If you examine the methods of the Connection object in the ADO documentation, you'll see the following methods related to transaction processing: BeginTrans, CommitTrans, and RollbackTrans. Components that will be run in the MTS environment should never use these methods. Instead, you should let MTS manage transactions through the ObjectContext and use the ObjectContext SetComplete and SetAbort methods to vote on the transaction outcome.
There are three ways to access data using ADO: the Connection Execute method, Command objects, and Recordset objects. You can use the Connection Execute method to execute a specified command against a data source. When used with an ODBC data source, commands can be SQL statements or nonparameterized stored procedures. Any results are returned as a Recordset object with a read-only, forward-only cursor. We'll discuss cursors in more detail in the section "Recordset Objects" below.
Stored procedures can provide a great performance boost, especially for complex data access operations. However, you should use stored procedures only for data access. Business logic should be implemented in business objects, as we'll see in Chapter 9.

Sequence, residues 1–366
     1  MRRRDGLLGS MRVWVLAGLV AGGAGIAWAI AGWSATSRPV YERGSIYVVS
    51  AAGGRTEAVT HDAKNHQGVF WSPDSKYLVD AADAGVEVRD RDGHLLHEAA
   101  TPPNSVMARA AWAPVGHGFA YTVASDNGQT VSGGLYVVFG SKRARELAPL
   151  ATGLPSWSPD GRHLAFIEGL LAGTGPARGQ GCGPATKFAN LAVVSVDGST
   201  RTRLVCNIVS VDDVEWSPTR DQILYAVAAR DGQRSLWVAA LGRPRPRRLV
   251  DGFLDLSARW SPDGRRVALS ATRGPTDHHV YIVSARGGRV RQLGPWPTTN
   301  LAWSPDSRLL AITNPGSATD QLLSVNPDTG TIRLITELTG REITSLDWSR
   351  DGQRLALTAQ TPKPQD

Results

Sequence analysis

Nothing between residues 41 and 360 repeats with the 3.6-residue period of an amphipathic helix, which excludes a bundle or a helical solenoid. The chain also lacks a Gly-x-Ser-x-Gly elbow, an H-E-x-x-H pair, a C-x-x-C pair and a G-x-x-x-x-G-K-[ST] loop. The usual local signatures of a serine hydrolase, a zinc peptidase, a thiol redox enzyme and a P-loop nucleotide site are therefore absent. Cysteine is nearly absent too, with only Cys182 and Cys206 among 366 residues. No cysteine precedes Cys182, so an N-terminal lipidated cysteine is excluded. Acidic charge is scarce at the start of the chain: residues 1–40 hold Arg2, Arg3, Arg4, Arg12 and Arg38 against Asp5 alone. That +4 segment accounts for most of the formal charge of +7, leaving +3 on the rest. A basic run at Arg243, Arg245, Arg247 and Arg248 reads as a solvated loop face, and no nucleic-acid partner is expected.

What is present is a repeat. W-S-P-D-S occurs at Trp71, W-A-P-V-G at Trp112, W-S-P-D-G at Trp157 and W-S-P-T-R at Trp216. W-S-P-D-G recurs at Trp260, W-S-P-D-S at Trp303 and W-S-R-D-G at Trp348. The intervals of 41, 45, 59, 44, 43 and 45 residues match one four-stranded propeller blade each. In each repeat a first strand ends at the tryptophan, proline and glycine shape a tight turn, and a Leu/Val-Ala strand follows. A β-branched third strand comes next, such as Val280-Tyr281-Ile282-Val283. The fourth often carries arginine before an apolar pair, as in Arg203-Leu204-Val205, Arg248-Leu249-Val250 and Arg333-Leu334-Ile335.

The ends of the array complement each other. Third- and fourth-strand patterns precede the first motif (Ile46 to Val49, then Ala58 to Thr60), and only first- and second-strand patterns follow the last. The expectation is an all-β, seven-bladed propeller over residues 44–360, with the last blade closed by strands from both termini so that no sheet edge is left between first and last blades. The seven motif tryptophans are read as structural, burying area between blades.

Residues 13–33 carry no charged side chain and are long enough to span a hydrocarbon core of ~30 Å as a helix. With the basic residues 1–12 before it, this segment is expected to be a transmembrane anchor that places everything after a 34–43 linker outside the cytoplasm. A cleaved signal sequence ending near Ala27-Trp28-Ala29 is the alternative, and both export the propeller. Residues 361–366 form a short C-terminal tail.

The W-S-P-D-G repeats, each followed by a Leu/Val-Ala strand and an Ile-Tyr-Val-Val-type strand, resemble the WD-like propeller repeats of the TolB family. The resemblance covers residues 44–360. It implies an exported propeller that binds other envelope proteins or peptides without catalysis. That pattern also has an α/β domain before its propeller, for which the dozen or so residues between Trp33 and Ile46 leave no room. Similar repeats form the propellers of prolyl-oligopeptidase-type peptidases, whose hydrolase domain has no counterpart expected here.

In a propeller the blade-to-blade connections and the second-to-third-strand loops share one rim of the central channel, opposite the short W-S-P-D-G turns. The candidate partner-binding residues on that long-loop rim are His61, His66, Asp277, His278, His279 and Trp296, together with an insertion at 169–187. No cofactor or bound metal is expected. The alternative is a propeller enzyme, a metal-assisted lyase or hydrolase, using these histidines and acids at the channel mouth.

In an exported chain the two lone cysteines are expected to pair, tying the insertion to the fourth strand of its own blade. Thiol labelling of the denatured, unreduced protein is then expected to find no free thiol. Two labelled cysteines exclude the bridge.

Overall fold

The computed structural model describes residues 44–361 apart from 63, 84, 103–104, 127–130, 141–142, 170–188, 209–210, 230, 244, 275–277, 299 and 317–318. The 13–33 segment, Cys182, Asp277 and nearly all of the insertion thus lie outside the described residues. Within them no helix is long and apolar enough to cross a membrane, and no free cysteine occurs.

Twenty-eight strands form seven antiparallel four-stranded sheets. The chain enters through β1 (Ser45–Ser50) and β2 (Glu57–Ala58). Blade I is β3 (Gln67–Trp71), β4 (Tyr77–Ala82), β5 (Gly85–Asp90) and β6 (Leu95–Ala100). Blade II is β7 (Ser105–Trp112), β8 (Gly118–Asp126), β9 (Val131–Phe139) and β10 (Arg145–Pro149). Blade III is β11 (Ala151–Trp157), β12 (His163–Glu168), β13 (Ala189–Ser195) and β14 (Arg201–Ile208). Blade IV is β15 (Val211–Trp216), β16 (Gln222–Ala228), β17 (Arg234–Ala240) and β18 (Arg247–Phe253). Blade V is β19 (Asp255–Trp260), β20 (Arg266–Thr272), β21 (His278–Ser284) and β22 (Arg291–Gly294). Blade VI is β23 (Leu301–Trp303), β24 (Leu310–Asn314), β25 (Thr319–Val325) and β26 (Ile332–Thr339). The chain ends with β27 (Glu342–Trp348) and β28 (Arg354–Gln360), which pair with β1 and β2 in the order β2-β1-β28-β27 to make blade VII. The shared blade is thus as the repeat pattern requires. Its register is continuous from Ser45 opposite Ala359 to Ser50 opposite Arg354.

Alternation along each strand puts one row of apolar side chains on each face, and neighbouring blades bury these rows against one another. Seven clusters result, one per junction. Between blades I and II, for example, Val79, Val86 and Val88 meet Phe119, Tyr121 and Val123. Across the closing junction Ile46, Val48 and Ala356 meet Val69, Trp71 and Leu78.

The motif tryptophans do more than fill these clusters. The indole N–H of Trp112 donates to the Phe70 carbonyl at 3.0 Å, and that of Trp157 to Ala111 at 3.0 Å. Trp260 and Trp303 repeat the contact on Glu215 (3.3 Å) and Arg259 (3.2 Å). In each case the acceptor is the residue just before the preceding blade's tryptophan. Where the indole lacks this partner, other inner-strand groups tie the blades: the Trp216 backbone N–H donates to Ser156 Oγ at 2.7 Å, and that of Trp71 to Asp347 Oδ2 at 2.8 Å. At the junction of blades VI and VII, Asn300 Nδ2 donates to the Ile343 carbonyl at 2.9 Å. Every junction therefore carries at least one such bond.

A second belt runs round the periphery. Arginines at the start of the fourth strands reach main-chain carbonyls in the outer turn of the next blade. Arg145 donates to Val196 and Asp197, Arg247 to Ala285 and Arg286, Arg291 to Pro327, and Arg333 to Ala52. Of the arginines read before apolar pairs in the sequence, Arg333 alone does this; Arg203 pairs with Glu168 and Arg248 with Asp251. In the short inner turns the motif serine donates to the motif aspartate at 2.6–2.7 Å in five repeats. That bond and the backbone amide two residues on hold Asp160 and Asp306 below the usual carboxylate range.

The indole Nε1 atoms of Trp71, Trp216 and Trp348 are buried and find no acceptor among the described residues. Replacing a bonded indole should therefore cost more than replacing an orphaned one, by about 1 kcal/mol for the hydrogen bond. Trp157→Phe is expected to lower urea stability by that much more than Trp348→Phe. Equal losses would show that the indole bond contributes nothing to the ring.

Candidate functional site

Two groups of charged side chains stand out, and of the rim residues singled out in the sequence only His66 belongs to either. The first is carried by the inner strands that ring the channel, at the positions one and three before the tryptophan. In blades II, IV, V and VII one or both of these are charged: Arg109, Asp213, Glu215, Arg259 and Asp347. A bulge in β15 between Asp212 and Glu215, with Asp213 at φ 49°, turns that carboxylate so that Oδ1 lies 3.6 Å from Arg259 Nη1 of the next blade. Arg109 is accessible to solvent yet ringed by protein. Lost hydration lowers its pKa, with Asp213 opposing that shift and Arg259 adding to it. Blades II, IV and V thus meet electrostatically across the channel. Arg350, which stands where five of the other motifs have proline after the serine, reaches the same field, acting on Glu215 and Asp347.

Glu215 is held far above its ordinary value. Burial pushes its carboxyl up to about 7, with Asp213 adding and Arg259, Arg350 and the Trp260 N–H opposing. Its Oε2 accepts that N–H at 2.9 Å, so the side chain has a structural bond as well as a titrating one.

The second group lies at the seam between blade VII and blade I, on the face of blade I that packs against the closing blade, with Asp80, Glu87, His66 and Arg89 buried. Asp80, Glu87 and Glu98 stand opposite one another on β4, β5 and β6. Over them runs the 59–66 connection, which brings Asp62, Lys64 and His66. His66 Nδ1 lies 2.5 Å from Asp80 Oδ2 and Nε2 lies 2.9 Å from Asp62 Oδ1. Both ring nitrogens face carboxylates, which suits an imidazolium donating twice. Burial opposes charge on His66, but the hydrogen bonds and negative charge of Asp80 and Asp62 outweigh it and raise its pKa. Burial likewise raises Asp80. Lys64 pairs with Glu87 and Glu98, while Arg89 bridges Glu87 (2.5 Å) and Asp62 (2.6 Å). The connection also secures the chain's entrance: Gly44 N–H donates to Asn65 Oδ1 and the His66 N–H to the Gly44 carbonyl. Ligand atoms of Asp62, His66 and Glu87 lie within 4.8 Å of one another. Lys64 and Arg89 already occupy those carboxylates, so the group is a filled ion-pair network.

You can use Command objects to execute parameterized stored procedures and commands or to save a compiled version of a command that will be executed multiple times. You establish a connection to a data source by setting the Command ActiveConnection property. You specify the command using the CommandText property, and you execute the command using the Execute method. Any results are returned as a Recordset with a read-only, forward-only cursor. If you have a parameterized command, you specify the parameters in the Command object's Parameters collection. To compile a command for speedy reuse, you set the Prepared property.
Finally, you can manipulate data directly using Recordset objects. Creating a Recordset object and using its methods directly is the most flexible way to manipulate data.
When you use ADO, you'll almost always manipulate data exclusively through Recordset objects. You get either a Recordset as the return value from a Connection or Command Execute call, or you create your own Recordset.